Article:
This week I drove up to Abbot Hall Gallery in Kendal to see 'A Continuous Line - Ben Nicholson in England'. Do try to catch this exhibition if you can - it is going to Bexhill next, followed by a stint at Tate St Ives until next May.
I loved - as always - his wonderful drawings, full of detail and intimacy but observed with such clarity and restraint. Many of the drawings and paintings were from his time spent in Cumbria with his first wife Winifred, and often feature a single, naively drawn horse, sometimes appearing as if they were chalk horses, embedded into the landscape. His skilful juxtaposition of real-life perspective and plan view is something I've always loved and often tried to incorporate into my own work with varying degrees of success.
There is so much to say about Ben Nicholson's work that you could probably devote a whole blog to it - I could certainly go on interminably about its appeal and inspiration to me. The way his drawings are so different to his paintings, and both of those in a completely different language to his reliefs - yet all of them so obviously his work. As one who is drawn to many different media and techniques daily if not hourly, this is definitely something for me to think about.
But this time, perhaps the most important thing I came away with was an excitement about his use of texture. Paint applied onto more paint, allowed to dry and rubbed away again and again, creating worlds of complexity and depth in a single square inch. I particularly loved what the exhibition notes had to say about this:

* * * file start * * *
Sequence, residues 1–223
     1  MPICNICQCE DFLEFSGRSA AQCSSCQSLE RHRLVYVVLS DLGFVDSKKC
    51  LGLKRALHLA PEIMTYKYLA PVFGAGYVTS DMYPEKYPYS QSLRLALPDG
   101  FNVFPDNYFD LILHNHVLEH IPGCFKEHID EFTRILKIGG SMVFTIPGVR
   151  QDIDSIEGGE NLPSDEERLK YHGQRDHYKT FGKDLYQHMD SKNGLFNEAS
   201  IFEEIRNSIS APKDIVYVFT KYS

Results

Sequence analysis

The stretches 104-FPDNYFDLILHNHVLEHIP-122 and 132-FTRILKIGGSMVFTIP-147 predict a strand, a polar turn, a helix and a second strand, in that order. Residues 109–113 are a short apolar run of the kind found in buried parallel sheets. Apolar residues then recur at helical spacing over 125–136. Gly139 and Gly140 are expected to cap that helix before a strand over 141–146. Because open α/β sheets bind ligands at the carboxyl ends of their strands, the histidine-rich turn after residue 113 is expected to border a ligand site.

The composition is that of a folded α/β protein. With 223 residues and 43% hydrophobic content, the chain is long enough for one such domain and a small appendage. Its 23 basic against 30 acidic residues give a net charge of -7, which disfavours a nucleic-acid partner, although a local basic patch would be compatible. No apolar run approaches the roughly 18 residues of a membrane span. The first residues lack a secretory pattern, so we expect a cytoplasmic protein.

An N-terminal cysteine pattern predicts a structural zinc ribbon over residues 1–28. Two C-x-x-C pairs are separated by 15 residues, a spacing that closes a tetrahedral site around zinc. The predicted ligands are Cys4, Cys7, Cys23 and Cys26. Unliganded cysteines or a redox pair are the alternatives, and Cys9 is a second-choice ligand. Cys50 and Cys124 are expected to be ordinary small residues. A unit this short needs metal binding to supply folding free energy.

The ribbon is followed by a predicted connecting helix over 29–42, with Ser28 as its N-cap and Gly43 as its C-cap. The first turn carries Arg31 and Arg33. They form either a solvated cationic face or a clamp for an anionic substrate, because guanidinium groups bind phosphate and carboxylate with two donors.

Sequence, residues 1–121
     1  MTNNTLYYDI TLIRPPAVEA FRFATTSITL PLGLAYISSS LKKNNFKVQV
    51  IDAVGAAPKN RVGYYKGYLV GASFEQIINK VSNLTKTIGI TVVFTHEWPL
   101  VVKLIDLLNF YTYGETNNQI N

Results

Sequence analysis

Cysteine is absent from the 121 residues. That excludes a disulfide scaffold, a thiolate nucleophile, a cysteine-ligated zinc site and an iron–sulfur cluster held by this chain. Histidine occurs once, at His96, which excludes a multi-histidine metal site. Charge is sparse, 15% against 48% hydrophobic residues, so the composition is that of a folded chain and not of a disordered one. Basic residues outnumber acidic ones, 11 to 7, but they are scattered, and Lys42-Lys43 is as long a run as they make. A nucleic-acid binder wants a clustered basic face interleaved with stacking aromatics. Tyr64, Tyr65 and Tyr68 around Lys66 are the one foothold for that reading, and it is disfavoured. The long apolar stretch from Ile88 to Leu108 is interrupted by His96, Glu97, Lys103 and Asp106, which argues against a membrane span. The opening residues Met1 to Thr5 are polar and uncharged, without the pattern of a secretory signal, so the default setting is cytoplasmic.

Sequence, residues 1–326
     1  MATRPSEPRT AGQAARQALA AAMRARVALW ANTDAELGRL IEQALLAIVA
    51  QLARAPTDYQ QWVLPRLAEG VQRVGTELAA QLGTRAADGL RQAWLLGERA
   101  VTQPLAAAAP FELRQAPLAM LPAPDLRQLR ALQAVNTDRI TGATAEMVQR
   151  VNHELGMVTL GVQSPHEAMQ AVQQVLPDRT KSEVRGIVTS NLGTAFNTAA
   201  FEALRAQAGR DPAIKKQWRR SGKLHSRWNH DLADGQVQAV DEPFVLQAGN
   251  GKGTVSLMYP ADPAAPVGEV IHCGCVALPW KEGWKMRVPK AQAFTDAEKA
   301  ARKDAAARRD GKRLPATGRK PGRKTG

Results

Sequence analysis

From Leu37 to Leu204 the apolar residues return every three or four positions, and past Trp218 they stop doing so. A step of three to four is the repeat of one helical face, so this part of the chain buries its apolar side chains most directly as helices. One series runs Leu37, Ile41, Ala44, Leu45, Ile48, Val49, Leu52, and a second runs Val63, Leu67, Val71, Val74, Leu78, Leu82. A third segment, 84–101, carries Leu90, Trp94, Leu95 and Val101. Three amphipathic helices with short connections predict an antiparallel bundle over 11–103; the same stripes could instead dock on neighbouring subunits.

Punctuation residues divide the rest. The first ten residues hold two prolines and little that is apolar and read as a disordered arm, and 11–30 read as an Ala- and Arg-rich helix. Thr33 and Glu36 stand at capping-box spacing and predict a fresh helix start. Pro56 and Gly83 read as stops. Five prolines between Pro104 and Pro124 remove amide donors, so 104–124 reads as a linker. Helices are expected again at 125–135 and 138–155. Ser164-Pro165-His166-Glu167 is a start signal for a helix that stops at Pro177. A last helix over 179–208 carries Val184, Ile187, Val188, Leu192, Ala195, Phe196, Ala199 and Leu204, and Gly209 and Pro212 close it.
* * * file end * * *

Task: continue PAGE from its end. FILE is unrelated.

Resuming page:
"In a period of turmoil his art proposed a new way of thinking about the world. Part of that was a re-engagement with nature and tradition. The gently worked textures of his pictures' surfaces that represent a tradition of craftwork..."
Chris Stephens in the exhibition catalogue explains how although Nicholson's own father was a significant painter, he was inspired as much by watching his mother at work in the kitchen: "He set out to show that the making of art was ordinary and domestic, as essential as housework".
This idea is summed up for me in this picture of Barbara Hepworth, with whom he fell in love in 1931:
The actual picture is large, around 3'x4', but even from my feeble snap you can see how he achieves a wonderful layering effect, so reminiscent of patchwork and applique. It's all paint and pencil, no collage, and conveys a gentle homeliness and a sense of great dignity, both at the same time. Perhaps that's how he felt about Barbara?
So, a brilliant day out for me, and I've come back positively throbbing with ideas and inspiration. Oddly though, one of my best ideas came to me through a conversation I overheard between two ladies in the tearoom...
Note: the images of Ben Nicholson's work are photographed by me from the catalogue for the sole purpose of sharing my impressions with you, but they are of course copyright of his estate and shouldn't be reproduced or used for anything important.